Showing Spotlights 1017 - 1024 of 2140 in category (newest first):
Conventional metal patterning in the electronics industry is done by a photo-resist patterning with a photo-mask and metal evaporation in a vacuum chamber. This technology require expensive vacuum conditions, high processing temperatures, many steps, and toxic chemicals to fabricate one layer of a metal pattern. Furthermore, it is almost impossible to change the design of the expensive photomask once it is fabricated. Researchers have now developed a high-resolution metal nano-patterning technique by combining solution deposited metal nanoparticles and a femtosecond laser without using conventional vacuum deposition or photo-masks. With this method, the time and cost associated with high-resolution metal patterning can be reduced dramatically without using time-consuming vacuum processes and the pattern design can be easily changed in a digital manner without using expensive photo-masks.
Jun 22nd, 2011
Researchers demonstrate a new single element nanoscale device, based on the successfully commercialized phase change material technology, emulating the functionality and the plasticity of biological synapses. In the nervous system, a synapse is the junction between two neurons, enabling the transmission of electric messages from one neuron to another and the adaptation of the message as a function of the nature of the incoming signal - something that is called plasticity. Synapses dominate the architecture of the brain and are responsible for massive parallelism, structural plasticity, and robustness of the brain. Therefore, a compact nanoelectronic device emulating the functions and plasticity of biological synapses will be the most important building block of brain-inspired computational systems.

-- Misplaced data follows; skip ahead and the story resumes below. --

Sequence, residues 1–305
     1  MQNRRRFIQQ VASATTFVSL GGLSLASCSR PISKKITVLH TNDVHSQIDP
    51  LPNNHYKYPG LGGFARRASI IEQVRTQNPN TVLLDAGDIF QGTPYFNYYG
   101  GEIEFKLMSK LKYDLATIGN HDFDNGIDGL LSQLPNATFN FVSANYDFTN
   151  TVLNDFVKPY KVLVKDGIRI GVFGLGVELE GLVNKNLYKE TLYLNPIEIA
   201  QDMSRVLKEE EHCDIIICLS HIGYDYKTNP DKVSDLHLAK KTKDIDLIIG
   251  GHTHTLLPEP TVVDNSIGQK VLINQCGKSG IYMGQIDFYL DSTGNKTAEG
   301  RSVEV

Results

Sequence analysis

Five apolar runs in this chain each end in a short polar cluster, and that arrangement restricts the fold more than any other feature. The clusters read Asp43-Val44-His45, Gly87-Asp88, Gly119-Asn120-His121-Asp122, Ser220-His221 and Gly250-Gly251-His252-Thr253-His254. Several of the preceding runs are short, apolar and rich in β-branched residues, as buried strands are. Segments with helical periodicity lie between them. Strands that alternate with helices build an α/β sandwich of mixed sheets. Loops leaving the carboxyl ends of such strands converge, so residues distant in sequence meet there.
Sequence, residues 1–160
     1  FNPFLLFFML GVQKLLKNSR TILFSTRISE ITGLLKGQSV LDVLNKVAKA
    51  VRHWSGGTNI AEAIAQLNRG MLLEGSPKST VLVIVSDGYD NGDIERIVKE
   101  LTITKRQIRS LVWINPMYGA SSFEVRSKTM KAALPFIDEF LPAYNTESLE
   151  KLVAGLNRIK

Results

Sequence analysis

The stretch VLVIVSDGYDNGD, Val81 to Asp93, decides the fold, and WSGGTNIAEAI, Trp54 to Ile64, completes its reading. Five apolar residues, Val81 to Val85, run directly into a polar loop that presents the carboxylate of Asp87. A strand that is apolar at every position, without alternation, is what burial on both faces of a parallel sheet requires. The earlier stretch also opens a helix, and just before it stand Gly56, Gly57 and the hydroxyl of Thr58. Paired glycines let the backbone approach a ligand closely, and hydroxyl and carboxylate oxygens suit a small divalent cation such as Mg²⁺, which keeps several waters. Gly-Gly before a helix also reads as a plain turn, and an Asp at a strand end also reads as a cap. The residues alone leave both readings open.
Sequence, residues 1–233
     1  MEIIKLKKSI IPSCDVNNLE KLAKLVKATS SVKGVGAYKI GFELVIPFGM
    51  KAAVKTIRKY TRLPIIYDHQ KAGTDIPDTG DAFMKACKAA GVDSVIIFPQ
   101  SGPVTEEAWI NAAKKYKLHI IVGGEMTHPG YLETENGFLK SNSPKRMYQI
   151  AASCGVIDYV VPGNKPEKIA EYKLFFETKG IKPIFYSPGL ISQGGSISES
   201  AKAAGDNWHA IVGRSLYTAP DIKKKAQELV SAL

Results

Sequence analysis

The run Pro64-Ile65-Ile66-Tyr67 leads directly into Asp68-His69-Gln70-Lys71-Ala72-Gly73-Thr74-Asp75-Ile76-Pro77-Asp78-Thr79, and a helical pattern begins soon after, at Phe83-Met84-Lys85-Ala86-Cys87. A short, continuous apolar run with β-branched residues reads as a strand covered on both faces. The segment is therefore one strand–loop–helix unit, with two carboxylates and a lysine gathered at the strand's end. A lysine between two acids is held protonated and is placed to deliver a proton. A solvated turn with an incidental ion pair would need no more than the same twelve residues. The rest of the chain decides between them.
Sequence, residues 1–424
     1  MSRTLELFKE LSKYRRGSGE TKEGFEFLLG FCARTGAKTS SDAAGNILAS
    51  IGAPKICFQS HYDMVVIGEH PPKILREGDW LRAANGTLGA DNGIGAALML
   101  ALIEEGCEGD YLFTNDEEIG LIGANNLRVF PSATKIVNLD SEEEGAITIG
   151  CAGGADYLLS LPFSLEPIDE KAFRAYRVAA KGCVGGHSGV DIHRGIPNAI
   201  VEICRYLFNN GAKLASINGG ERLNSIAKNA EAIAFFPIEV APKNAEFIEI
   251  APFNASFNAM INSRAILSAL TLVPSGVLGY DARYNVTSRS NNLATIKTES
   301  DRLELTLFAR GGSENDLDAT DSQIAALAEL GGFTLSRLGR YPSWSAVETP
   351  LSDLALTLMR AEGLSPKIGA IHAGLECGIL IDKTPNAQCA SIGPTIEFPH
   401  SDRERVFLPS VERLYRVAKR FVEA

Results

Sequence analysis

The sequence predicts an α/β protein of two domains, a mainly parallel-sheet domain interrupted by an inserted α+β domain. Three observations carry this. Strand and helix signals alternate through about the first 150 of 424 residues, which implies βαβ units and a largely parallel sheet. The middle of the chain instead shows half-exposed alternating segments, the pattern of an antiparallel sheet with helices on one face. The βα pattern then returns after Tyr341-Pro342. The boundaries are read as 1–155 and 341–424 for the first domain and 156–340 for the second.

Jun 21st, 2011
Paper has emerged as a focus area for researchers developing innovative techniques for printed basic electronics components. Another area where paper could lead to low-cost innovative devices and applications is lab-on-a-chip technology. Currently, these microfluidic devices are fairly expensive due to their lithography-based fabrication process with channels patterned in glass or plastic and tiny pumps and valves directing the flow of fluids. Inexpensive paper-based sensing kits already play an important role in ready-to-use diagnostics. Researchers have even managed to create inexpensive microfluidic platforms on hydrophobic paper with laser treatments. In a further advance, scientists have now fabricated a paper-based metamaterial device which can be potentially utilized for quantitative analysis in biochemical sensing applications.
Jun 20th, 2011
Radiation damage to materials is a major issue for builders of nuclear power plants as well as spacecraft engineers. The former have to worry about material failure due to the destructive radiation created within the reactor; the later are concerned about the exposure to space radiation of both materials and humans during long-term space missions. There is a consensus that interface engineering is the way to go to to improve resistance to extreme conditions in general and to reach radiation tolerance in particular - interfaces are places where defects created by energetic collision in solids can annihilate each other and thus render the material immune to irradiation. All kind of interfaces are being explored, in particular those formed by the contact between two different solid state phases.